Dalek Empire and Dalek War are two of the three crown jewels in BF’s Who spin-off crown, the third being the Unbounds, a wonderful series which began life as part of the 40th Anniversary celebrations during one of BF’s golden ages in 2003. The idea of the series was to explore a series of What Ifs: What if the Doctor had never left Gallifrey? What if the Doctor believed the ends justified the means? What if Doctor Who itself had never existed? and in doing so explored just what it was that made Doctor Who what it is. Each sixty minute play cast a new actor in the role of the Doctor, including the notable casting coups of David Warner and Derek Jacobi, and out of the six initial audios which make up the run no less than four are sold gold, 10/10 classics, an incredibly impressive hit rate. Unfortunately, this feat is somewhat let down by the fact that one of the other two, Exile, is quite the worst audio BF have ever produced, a disastrous “comedy” which hasn’t got a single redeeming feature about it. Aimed at those who find Two Pints of Lager and a Packet of Crisps too sophisticated, its many crimes were compounded by squandering the first ever casting of a female actor (Arabella Weir) as the Doctor. However, despite its general rubbishness it wasn’t the most contentious of the six; that accolade undoubtedly goes to Full Fathom Five by David Bishop, a real Marmite audio which drew as much opprobrium as praise on its release due to its portrayal of an amoral Doctor (played superbly by David Collings) who will do whatever it takes to rescue his TARDIS from an undersea research base (for the record I’m firmly in the love it camp.) That’s one of the 10/10 audios as far as I’m concerned – the only other besides Exile which isn’t from the initial run being Gary Russell’s He Jests At Scars… This asked the question What if the Valeyard had beaten the Sixth Doctor? and featured Michael Jayston reprising his role from Trial of the Time Lord as he wreaked havoc throughout the cosmos, but while undoubtedly good fun the play is more an amusingly indulgent fanwanky romp through past Who stories rather than a proper narrative in its own right.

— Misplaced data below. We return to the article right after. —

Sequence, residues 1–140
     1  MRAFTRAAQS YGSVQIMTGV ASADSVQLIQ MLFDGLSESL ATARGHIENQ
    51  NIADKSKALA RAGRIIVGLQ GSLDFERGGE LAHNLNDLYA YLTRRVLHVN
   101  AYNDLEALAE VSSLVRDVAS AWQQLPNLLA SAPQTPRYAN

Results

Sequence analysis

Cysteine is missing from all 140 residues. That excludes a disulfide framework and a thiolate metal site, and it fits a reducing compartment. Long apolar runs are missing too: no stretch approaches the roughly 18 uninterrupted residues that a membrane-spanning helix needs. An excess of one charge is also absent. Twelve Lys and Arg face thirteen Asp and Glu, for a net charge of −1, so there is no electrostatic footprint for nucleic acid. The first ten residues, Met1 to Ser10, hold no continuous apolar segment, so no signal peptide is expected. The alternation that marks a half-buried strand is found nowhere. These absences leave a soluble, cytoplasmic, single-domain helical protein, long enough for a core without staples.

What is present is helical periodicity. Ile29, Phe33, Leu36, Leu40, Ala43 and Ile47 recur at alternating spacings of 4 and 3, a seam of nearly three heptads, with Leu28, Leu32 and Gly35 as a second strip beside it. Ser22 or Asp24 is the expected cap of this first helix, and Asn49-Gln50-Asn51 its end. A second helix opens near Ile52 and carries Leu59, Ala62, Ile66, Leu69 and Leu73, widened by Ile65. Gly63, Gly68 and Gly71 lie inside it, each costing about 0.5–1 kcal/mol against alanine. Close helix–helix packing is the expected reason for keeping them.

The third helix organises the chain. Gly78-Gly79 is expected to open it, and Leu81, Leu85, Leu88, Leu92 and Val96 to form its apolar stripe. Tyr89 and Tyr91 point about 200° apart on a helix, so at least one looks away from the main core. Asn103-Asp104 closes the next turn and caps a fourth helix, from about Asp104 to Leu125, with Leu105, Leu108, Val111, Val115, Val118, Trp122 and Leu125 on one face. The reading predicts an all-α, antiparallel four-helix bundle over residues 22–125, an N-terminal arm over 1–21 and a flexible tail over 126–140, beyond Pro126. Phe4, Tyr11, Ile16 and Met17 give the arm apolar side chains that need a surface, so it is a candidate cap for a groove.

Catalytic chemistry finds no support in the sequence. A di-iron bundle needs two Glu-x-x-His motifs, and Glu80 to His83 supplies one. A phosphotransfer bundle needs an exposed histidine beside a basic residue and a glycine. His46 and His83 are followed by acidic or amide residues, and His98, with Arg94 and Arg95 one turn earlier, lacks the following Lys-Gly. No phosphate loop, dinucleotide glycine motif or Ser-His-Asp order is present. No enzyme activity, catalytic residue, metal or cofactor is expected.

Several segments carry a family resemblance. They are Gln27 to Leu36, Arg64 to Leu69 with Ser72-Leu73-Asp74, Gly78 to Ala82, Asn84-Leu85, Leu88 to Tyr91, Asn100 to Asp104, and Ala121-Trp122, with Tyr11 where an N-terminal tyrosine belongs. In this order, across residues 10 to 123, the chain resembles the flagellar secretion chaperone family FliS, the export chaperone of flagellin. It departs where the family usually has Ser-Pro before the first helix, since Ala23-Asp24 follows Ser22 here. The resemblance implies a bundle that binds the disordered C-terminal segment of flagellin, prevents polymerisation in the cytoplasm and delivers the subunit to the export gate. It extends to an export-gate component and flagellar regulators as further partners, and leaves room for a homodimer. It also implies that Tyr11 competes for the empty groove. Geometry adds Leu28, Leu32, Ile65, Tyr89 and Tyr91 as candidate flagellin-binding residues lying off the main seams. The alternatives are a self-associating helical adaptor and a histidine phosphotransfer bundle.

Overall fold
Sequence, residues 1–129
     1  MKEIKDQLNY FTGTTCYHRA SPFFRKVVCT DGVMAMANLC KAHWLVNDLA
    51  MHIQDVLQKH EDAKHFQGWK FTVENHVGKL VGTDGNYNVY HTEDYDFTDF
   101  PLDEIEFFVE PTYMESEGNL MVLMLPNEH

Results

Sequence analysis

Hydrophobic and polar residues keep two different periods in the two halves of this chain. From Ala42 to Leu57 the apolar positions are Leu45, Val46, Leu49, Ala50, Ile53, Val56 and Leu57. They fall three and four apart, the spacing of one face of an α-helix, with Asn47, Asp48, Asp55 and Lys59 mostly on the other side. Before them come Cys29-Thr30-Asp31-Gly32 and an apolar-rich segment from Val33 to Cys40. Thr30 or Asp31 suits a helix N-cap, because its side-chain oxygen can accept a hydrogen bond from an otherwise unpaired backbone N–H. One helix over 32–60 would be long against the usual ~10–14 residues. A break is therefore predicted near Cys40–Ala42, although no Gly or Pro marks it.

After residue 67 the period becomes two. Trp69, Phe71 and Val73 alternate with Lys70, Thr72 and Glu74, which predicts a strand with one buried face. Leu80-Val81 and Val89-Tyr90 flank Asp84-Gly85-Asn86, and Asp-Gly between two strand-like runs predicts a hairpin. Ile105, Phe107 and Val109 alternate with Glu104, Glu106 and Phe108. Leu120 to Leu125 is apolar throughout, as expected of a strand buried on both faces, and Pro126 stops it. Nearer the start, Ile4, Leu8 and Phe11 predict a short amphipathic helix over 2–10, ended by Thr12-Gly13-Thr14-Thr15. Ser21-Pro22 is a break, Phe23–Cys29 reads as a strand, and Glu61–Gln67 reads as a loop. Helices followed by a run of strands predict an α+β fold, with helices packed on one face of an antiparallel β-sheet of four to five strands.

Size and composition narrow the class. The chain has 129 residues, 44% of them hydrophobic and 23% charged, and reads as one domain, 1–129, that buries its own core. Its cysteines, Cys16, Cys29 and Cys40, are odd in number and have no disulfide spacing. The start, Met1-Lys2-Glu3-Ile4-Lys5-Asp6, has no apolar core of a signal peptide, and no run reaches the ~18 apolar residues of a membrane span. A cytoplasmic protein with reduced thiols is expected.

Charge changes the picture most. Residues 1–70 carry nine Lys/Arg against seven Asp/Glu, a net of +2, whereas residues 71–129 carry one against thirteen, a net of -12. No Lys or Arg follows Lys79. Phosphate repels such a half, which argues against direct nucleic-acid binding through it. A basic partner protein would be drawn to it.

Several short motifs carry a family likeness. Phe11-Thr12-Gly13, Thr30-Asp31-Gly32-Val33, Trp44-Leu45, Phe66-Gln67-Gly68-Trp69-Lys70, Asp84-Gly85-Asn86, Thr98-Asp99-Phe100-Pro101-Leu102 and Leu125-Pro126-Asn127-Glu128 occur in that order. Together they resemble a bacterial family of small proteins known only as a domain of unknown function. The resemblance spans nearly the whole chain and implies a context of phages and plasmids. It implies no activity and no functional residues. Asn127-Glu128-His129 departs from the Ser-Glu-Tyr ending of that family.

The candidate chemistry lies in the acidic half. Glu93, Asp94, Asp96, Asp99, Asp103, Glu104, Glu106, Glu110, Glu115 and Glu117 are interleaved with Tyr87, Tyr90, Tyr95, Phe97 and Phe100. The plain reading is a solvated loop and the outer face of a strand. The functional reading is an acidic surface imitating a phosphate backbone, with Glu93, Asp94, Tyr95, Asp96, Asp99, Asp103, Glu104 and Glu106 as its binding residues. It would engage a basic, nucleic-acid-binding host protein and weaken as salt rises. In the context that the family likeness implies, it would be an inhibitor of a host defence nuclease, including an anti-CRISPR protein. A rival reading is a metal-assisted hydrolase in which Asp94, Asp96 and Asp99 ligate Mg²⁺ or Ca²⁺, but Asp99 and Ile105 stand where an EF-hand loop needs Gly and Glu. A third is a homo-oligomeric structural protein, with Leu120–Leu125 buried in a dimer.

There’s little arguing with the classic status of the other three though. Deadline by Robert Shearman starred Jacobi as a former TV writer, now living in a care home for the elderly, whose one regret was that his pitch to the BBC for a show called “Doctor Who” never got off the ground. Deeply poignant, it served as a fitting tribute to the show’s importance to the industry as well as the many individuals who have been touched by it in one way or the other, and while the reality-based story won’t be to everyone’s tastes is still a fine piece of drama (and one, incidentally, that would not be out of place appearing in one of Radio 4’s drama slots.) Meanwhile, even today many cite Jonathan Clement’s Sympathy for the Devil (what if the Third Doctor had never turned up to help UNIT?) as one of their favourite BFs – while I’m not sure I would put it in that category, the story, which pairs David Warner’s Doctor up with the Brigadier and features noted actor Sam Kisgart (look closely) as a familiar Pertwee villain, is a fine piece of work which segues from an action-packed opening through to an examination of the Doctor’s relationship with both the Brig and Kisgart’s character. Comedy Buddhists aside, it’s good stuff, as is the story which opened the series, Auld Mortality from the ever-reliable Marc Platt, which saw a Gallifrey-bound incarnation of the first Doctor, played by Geoffrey Bayldon, rueing the fact he never took his chance to leave his stuffy home world. Crucially Bayldon makes the character his own, rather than just relying on a Hartnell-impersonation, in doing so making for an entirely credible alternative in a story which also saw Carole Ann Ford returning to the role of Susan. You’d have to have a heart of stone not to cheer the story’s conclusion, one which was picked up a couple of years later in a sequel, A Storm of Angels, also written by Platt. This audio, my pick of the bunch, asks What if the Doctor really did change history? and is stuffed full of wonderful sci-fi ideas as the Doctor and Susan join Sir Francis Drake as he explores the stars rather the oceans. It’s a brilliant audio, helped along by one of BF’s strongest musical scores. Auld Mortality was one of two Unbounds to get a sequel some time after the original season; the other was Sympathy For the Devil. The second David Warner/Nicholas Courtney audio had a troubled history; originally Clements penned his own follow-up before it was scuppered, reportedly at the request of Cardiff when some of its plot points coincided with upcoming episodes. The project then seemed to be dead in the water for a bit, before Eddie Robson was commissioned to write Masters of War, an alternative take on the Daleks which was decent but overall not as strong as its predecessor. Overall, however, it’s incredibly easy to recommend the Unbounds en masse: give or take Exile and He Jests At Scars… and you have arguably the finest series BF has ever produced.